Could automation mark the end of ...

Automated Logistics

Corporations across the world are constantly striving to increase efficiency and cut costs in an attempt to increase profits. Ever since the introduction of automation in factories in the 1960s, workers have found their positions being taken by machinery. But as automation spreads, what happens when more and more workers within the logistics industry find themselves struggling to find employment as businesses realise the benefits that automation can bring?

Technology has evolved

Technology is currently one of the worlds’ fastest growing industries with vast amounts of money being poured into research and development every year. As a result, inventions that might have never been thought possible have become reality. With driverless cars already hitting the streets and hyper-intelligent AI becoming more and more prominent, it is impossible to ignore the tech-fever that is gripping the world.

Automation was first introduced in the 1960s as a means to increase efficiency in factories when robotic arms began replacing workers in an attempt to speed up production and cut costs. Many companies choose to opt for automation as machines can work continuously at a much faster rate, only needing an occasional repair and basic maintenance, this allows them to reduce their running costs and increase output.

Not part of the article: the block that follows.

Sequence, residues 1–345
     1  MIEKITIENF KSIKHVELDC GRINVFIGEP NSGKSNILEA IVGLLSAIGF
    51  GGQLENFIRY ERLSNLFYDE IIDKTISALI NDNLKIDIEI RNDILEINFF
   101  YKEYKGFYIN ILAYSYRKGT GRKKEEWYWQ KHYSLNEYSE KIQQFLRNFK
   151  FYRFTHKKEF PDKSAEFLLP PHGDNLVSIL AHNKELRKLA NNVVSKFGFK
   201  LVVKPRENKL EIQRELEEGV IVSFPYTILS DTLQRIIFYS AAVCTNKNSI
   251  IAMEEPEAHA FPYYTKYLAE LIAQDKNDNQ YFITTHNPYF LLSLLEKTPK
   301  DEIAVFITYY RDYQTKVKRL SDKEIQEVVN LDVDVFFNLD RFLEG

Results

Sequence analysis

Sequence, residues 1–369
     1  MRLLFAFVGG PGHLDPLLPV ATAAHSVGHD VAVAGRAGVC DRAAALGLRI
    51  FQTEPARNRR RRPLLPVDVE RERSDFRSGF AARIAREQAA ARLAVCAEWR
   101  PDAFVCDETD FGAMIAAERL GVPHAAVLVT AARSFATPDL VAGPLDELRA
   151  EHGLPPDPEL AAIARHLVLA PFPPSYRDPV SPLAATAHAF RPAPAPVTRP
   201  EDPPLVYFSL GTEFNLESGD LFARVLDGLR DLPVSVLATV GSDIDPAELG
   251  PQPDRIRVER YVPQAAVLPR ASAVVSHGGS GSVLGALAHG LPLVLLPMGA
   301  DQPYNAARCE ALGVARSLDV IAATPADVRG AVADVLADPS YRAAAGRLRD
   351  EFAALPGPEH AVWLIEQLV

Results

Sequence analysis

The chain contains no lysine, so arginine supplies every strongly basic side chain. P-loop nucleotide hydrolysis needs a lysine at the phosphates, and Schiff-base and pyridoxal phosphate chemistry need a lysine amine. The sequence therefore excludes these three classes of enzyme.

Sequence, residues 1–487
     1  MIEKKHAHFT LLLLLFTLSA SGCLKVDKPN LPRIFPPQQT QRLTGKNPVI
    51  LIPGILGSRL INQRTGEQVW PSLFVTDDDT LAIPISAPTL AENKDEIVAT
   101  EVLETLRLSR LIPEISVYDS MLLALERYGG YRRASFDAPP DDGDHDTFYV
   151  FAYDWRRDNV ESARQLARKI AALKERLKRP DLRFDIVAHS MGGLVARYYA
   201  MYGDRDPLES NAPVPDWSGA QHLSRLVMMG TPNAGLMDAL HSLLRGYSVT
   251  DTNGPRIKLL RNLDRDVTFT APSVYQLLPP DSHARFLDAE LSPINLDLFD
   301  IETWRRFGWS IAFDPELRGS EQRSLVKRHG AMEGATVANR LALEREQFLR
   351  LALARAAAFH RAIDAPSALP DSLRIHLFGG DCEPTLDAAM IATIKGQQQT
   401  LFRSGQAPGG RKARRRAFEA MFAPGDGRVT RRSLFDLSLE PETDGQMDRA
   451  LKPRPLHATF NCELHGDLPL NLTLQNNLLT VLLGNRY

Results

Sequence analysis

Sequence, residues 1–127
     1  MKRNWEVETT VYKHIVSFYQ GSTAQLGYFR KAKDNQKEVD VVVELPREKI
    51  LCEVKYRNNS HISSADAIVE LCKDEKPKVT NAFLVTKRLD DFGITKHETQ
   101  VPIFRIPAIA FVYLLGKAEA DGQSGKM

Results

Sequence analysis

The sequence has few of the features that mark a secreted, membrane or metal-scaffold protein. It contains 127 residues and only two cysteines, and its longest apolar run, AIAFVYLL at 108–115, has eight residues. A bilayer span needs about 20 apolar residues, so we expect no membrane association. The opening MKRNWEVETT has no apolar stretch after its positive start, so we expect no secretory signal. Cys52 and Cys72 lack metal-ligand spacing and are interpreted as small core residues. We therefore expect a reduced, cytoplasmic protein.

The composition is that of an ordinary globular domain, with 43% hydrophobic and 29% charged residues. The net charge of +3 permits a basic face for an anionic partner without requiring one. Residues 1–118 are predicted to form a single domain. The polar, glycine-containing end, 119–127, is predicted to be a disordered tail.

The logistics of it

Warehouse automation conventionally relies on bar codes or RFID tags which contain information about the product inside as well as when and where it needs to be delivered. By using an advanced computing system, the technology can precisely locate any item in the warehouse and prepare it for distribution. By removing the need for workers to manually find, pick and prepare the item, logistics companies can significantly accelerate the whole process and remove the potential for human error.

What could this mean for us?

The mass adoption of automation has the potential to revolutionise the logistics industry, possibly resulting in a boom in production and a reduction in the price of many essential goods. It could also bring a rise in unemployment for low-skilled roles – however the implementation of these new technologies would likely create some new, different roles instead. This would encourage flexibility in the workforce as workers could be retrained to fill the new roles.

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